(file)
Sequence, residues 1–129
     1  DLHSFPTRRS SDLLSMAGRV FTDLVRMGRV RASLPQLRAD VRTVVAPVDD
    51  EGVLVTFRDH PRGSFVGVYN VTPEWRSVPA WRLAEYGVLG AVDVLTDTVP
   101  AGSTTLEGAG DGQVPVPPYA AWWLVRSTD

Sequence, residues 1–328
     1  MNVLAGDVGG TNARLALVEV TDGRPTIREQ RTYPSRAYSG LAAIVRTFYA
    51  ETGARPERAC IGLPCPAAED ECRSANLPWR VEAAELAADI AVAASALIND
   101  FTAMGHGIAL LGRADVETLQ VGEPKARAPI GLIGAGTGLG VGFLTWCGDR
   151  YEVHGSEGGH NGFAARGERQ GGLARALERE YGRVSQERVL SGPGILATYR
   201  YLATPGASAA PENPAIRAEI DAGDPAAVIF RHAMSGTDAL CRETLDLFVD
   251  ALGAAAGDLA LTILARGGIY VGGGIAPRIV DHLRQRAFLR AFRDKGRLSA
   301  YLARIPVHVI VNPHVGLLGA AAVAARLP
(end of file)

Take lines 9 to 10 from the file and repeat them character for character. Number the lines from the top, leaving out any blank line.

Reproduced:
   151  YEVHGSEGGH NGFAARGERQ GGLARALERE YGRVSQERVL SGPGILATYR
   201  YLATPGASAA PENPAIRAEI DAGDPAAVIF RHAMSGTDAL CRETLDLFVD